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  6. Regarding PBP, are you opposed to the particular system as outlined (specifically, the reliance on test scores) or any system that seeks to reward teachers for effort and success?

    I take the former position (for many of the exact reasons offered) but not the latter. I do think schools should have the ability to reward teachers who excel at their job. The difficulty is in identifying those who do that. I sincerely believe that a talented administrator who has an active presence and close relationship with his faculty, study body, and parents can figure out which teachers are really bring extra value to the table.

    No system will be fool proof. The more subjective a system is, there greater chance there is for bias (conscious or otherwise) or other factors to creep in. However, I do not think there yet exists an objective system for determining teacher quality. And yet, not all teachers are created equal and treating them as if they are — as if they are cogs in a machine easily replaced with one another — can be very harmful to morale and can disincentivize teachers who can provide additional value to their students or school from doing so.

    If one teacher is constantly offering support via collaborative meetings, has a strong relationship with students and parents that allow him to reach his constituents more deeply, gives up additional time and energy to see his students through to success, and models professional behaviors for others, I see no reason not to pay him more than the teacher who punches the clock, requires more support during collaborative meetings, and meets but does not exceed expectations.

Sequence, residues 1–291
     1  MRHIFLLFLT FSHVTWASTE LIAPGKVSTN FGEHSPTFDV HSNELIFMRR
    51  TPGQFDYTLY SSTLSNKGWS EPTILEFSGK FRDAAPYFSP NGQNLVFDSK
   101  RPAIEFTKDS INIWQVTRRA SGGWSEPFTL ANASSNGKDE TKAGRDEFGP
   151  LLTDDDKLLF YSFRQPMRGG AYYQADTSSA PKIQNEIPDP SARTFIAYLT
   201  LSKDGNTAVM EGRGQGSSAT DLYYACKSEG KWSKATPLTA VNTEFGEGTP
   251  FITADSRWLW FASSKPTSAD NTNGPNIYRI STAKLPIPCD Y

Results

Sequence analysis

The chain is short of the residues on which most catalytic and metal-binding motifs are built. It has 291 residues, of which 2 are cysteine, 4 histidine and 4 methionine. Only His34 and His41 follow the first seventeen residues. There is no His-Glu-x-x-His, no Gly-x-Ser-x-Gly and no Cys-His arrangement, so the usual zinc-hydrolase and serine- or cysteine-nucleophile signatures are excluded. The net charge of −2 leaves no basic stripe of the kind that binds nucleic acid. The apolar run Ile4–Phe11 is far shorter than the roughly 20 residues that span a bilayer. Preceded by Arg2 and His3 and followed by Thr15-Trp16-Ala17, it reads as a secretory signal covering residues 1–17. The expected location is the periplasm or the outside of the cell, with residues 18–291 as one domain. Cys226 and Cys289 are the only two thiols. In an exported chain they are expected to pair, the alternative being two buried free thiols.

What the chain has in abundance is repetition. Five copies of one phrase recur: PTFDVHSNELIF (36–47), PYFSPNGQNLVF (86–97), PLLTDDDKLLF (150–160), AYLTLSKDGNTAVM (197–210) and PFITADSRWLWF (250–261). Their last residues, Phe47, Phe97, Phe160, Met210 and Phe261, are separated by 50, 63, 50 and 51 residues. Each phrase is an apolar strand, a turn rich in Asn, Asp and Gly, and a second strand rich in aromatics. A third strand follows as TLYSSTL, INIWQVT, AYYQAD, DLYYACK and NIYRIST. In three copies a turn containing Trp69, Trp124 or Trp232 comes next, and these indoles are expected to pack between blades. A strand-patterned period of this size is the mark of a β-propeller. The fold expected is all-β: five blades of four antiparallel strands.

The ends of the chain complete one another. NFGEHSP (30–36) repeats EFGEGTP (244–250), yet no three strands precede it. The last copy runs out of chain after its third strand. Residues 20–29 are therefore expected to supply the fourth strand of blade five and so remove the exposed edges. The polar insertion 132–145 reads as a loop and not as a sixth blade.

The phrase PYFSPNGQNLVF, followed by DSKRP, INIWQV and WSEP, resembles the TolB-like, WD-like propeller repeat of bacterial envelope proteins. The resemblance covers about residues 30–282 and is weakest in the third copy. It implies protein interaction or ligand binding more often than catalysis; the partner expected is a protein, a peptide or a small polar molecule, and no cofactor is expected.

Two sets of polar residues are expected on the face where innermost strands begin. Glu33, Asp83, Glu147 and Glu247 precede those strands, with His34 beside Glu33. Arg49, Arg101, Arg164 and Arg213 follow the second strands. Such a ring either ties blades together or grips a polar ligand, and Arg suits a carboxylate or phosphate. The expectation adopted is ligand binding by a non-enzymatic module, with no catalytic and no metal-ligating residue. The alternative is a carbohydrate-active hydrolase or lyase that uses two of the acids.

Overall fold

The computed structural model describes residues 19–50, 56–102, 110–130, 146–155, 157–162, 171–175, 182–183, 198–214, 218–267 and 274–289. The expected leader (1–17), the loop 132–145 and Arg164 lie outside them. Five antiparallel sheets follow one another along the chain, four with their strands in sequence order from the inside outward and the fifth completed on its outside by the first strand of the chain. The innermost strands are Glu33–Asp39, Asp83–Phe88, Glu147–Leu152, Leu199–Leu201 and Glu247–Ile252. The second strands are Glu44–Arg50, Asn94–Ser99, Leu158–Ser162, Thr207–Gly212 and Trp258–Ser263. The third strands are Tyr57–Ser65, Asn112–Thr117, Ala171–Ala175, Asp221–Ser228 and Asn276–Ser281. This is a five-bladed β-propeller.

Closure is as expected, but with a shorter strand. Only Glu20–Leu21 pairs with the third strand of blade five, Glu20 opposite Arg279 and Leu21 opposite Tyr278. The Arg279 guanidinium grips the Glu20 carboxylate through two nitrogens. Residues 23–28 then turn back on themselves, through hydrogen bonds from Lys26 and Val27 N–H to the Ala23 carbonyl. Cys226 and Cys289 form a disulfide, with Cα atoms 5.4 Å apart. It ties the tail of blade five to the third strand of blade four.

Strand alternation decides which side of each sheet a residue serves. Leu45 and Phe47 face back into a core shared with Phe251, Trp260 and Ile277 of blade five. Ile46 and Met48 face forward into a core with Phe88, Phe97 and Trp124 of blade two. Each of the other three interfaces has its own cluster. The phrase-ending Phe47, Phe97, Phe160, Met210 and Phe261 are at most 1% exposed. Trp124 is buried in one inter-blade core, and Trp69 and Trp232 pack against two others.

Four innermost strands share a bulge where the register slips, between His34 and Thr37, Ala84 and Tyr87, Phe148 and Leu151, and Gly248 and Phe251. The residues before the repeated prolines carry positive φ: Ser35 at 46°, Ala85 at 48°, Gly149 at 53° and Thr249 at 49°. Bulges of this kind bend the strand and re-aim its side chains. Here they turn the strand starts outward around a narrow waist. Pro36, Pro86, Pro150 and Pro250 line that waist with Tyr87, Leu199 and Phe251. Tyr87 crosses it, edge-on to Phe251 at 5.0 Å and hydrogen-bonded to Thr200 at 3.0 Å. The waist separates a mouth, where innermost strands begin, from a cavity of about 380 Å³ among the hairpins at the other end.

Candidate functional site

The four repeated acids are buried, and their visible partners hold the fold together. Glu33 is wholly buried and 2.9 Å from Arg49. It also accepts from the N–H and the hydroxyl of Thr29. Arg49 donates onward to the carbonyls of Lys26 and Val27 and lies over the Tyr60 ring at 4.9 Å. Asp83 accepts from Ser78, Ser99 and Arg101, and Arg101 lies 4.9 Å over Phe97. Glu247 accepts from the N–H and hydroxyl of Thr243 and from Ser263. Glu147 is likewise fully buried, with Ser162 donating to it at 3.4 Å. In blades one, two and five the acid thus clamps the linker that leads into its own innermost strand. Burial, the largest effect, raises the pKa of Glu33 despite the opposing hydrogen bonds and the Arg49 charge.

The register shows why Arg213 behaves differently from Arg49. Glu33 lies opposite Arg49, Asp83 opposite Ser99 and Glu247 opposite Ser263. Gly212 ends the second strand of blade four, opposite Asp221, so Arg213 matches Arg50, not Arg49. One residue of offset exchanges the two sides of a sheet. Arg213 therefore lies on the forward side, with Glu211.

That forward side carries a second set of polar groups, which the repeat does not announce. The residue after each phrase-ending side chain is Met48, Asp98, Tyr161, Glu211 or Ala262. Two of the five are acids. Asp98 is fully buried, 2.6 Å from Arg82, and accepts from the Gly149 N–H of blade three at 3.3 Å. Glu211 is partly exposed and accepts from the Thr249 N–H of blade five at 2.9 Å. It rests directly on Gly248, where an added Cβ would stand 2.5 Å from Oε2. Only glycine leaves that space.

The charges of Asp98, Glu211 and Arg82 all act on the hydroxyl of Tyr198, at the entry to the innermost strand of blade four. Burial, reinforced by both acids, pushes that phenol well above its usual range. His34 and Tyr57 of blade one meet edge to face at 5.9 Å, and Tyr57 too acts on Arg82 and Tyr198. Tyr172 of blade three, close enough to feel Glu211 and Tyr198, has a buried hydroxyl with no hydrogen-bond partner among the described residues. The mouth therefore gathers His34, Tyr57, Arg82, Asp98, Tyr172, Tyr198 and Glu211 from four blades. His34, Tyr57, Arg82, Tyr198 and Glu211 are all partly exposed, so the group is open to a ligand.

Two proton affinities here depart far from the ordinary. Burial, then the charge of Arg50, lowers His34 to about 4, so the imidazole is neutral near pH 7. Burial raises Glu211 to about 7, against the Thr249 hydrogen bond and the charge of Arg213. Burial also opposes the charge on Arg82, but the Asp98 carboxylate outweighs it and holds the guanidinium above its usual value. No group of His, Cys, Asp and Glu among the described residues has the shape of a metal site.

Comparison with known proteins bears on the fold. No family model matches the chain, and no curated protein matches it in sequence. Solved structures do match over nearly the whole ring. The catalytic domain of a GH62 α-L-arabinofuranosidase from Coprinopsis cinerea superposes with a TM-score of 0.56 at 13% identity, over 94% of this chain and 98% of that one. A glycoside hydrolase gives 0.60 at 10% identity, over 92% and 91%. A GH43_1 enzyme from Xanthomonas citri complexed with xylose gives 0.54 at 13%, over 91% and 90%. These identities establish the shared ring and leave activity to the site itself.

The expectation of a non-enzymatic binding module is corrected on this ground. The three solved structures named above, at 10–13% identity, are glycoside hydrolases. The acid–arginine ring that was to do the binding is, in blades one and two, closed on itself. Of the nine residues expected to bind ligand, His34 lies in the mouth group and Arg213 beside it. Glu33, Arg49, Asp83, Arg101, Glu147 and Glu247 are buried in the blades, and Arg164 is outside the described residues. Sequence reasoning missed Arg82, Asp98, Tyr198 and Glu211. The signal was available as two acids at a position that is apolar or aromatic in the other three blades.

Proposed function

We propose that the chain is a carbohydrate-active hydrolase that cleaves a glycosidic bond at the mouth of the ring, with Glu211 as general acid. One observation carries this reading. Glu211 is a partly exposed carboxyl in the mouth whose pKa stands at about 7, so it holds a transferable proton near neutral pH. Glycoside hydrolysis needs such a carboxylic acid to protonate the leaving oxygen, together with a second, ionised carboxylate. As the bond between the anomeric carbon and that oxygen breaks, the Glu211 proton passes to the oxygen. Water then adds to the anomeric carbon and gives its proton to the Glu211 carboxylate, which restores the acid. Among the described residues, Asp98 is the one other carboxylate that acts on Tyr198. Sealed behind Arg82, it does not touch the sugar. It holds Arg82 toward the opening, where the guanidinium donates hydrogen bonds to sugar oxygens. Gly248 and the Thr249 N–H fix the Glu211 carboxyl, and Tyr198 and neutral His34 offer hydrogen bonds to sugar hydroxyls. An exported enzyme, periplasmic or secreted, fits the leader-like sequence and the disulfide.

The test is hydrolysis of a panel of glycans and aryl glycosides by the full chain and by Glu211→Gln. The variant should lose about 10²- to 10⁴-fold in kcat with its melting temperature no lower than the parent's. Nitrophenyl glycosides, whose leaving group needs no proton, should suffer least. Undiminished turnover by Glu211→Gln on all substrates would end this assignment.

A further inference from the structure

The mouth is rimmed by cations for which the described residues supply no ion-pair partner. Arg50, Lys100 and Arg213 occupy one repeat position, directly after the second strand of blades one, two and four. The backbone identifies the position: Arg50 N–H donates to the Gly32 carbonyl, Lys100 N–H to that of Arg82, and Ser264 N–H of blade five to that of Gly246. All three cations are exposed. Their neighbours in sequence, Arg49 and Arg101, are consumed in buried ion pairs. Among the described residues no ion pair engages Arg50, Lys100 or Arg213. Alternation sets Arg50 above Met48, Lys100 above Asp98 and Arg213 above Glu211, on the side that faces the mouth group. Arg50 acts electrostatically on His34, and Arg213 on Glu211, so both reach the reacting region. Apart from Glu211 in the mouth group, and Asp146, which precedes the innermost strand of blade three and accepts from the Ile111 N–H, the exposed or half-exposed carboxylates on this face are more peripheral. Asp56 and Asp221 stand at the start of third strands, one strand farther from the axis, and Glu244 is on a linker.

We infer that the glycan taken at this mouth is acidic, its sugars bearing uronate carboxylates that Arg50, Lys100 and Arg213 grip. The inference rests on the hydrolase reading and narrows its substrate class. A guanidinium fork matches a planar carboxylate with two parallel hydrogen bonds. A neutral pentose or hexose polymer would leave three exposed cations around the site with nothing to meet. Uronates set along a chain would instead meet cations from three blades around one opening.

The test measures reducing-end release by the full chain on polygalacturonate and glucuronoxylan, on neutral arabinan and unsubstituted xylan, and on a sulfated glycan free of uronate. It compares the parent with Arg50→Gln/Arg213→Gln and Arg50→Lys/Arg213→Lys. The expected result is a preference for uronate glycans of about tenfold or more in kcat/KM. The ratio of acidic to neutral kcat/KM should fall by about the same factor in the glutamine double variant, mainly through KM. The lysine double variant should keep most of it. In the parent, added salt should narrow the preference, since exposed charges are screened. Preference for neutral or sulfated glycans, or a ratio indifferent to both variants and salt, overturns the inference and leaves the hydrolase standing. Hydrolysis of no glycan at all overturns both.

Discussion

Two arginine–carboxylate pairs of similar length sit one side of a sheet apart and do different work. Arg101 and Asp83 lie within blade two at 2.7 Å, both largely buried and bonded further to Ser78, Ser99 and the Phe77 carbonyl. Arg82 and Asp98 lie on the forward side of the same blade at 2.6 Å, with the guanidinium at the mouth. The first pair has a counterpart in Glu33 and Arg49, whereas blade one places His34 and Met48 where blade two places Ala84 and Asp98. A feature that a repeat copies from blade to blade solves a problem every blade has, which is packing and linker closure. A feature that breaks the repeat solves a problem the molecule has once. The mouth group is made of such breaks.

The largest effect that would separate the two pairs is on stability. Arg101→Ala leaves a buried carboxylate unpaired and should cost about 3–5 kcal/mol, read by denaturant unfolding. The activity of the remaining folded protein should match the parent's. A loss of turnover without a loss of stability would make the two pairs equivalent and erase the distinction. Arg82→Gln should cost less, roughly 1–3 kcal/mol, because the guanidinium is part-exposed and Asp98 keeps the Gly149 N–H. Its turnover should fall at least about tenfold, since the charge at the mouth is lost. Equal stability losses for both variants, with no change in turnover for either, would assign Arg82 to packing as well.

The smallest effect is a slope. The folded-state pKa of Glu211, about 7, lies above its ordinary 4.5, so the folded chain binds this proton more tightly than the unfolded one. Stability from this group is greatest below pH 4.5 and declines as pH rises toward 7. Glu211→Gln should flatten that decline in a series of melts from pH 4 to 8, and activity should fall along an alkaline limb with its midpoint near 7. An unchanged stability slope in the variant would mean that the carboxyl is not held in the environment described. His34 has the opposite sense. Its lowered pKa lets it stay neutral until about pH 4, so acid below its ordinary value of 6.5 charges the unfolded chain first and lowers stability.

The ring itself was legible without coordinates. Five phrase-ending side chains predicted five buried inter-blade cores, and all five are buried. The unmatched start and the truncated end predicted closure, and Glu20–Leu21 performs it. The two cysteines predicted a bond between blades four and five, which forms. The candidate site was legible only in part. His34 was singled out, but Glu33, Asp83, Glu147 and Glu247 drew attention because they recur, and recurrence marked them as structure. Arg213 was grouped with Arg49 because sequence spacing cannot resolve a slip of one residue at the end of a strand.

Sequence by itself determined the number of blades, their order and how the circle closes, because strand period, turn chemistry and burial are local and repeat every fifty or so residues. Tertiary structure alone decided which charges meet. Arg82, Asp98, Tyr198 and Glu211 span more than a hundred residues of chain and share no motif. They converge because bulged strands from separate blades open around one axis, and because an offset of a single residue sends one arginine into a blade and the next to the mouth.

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    • I agree with your assessment of the difficulty of assessing teachers. I also agree that an honest disinterested administrator can tell you.

      For that matter, the kids know, at least at the older levels. Ask a bright kid who is genuinely interested in learning, and you will get a pretty good assessment. The problem is that there are any number of other kids with different priorities, which lead to perverse incentives if you listen to their assessments.

      The problem is that just as asking the kids risks skewed answers in response to perverse incentives, so it is with administrators. Some administrators correspond to the bright kid interested in learning. Others correspond to the various other groups of kids: slackers interested in sliding by with the least effort, bullies interested in power games, etc.